Disrupt came to town this week.
AirHelp, as an alumnus of the startup battlefield, had the privilege of returning to the conference to learn what’s new in the world of tech, connect with exciting companies and learn from inspiring speakers.
Yesterday we looked at insights from day one, and here’s day two:
1. Most technologies spend ten years in development before they reach the human population. Fascinating perspective from a biotech scientist. She reminds us that most people’s problem isn’t a lack of focus, it’s a lack of patience. That’s what winning startups know. That it’s a long arc game. That labor sets its own pace and has its own schedule. And if we try to rush the process, if we’re unable to trust that the thing we’re building will unfold according to its own timetable, we won’t be around in a decade.
2. Build a platform to expose people’s capabilities. Local Motors, the world’s biggest distributed auto manufacturer, uses micro factories. They can 3D print a car in twenty nine hours. Their founder reminded us that each of us is born with a talent we are meant to use. Everyone has a reservoir of genius worth discovering. And if a company can give people the right opportunities and use those talents properly, they’ll be around forever.
3. Keep a playbook in the drawer and hope you never have to use it. A marketing colleague of mine shared insights about crisis communication. How every company is in the business of public relations. And in a post fact world of instant press, true or not, real time response marketing is no longer a luxury, it’s a necessity. United’s recent debacle was the perfect example in the travel industry, and AirHelp was fortunate to use that moment as a opportunity to educate passengers about their rights.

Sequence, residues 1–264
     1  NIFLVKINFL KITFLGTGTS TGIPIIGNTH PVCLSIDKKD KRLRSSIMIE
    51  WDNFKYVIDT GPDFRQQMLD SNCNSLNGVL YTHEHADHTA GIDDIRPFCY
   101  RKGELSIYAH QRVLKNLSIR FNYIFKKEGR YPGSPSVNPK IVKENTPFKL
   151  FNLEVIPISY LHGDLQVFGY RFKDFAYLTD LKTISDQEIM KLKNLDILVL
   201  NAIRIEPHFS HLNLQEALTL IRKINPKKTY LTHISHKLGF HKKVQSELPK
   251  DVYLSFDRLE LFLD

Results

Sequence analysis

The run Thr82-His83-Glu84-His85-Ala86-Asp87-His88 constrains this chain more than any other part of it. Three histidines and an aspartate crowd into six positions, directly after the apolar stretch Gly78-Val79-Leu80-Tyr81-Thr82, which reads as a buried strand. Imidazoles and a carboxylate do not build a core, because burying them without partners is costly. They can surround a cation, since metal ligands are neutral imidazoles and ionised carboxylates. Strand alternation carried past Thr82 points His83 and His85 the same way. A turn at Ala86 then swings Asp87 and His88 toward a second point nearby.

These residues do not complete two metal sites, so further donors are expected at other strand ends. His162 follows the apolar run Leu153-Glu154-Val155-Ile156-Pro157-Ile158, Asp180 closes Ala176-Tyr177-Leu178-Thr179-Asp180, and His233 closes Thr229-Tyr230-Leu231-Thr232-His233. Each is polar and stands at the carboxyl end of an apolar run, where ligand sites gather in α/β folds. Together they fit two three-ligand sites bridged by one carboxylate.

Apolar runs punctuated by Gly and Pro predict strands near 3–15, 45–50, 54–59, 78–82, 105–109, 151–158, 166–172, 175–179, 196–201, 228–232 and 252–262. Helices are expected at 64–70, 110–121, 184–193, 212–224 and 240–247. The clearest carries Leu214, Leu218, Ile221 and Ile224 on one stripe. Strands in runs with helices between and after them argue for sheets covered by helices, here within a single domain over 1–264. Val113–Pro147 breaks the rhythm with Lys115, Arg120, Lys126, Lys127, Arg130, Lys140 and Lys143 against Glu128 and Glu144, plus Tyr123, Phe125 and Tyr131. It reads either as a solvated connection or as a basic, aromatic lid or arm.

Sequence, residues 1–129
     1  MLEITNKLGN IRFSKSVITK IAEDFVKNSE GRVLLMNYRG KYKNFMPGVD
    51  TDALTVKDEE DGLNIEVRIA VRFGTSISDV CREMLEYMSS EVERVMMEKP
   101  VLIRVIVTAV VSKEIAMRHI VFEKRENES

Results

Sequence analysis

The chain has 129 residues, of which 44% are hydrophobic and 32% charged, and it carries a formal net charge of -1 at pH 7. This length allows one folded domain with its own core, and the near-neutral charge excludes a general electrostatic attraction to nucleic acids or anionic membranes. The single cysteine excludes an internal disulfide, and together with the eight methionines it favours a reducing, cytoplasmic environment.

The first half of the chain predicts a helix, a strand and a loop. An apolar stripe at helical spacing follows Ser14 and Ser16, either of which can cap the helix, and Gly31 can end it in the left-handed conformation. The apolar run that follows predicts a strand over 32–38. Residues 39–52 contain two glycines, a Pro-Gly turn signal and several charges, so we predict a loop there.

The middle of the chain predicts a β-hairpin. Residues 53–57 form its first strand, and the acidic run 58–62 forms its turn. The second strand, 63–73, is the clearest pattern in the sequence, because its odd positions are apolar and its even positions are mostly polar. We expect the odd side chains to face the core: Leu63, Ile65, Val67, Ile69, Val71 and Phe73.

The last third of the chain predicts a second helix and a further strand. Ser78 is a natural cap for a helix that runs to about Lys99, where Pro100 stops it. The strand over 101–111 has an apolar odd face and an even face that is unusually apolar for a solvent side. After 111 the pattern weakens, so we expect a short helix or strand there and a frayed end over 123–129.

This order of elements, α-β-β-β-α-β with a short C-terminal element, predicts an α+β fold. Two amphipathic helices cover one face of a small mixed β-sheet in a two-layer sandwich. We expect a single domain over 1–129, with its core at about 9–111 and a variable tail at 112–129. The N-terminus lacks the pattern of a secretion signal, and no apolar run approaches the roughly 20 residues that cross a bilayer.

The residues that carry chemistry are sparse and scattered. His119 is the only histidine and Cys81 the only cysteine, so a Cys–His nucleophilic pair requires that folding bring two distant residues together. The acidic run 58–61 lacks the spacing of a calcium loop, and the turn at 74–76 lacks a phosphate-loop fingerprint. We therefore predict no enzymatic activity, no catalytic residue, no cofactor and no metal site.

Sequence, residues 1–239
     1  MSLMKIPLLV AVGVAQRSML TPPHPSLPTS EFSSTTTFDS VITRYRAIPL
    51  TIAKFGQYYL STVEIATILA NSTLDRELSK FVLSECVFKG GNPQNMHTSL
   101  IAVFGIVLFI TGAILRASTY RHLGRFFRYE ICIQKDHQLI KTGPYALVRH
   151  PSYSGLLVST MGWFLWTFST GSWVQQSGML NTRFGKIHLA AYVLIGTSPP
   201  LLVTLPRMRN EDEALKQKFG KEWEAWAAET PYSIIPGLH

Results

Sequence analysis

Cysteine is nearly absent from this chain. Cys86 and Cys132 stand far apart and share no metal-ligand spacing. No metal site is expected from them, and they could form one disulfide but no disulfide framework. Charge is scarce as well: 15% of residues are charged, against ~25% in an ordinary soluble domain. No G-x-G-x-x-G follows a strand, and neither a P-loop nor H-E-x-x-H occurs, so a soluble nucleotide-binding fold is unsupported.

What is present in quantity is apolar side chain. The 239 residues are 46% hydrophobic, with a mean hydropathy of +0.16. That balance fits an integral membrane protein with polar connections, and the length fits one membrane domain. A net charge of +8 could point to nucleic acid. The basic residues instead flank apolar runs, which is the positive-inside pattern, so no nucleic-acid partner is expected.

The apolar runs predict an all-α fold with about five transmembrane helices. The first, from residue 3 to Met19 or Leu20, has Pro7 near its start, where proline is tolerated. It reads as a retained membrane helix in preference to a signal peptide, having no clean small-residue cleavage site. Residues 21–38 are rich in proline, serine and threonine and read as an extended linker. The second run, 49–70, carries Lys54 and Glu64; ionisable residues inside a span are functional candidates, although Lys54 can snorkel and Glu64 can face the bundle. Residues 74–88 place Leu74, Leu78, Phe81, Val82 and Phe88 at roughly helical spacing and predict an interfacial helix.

4. Ask yourself three key questions. Handy’s founder had amazing insights about entering new marketplaces. He posed three questions every entrepreneur should ask. Does anybody care? Can we be the best? And can we create a sustainable long term business? Two isn’t enough. You have to be able to answer all three. Without the critical intersection of need, quality and continuity, the brand is doomed for failure.
See you at day three!
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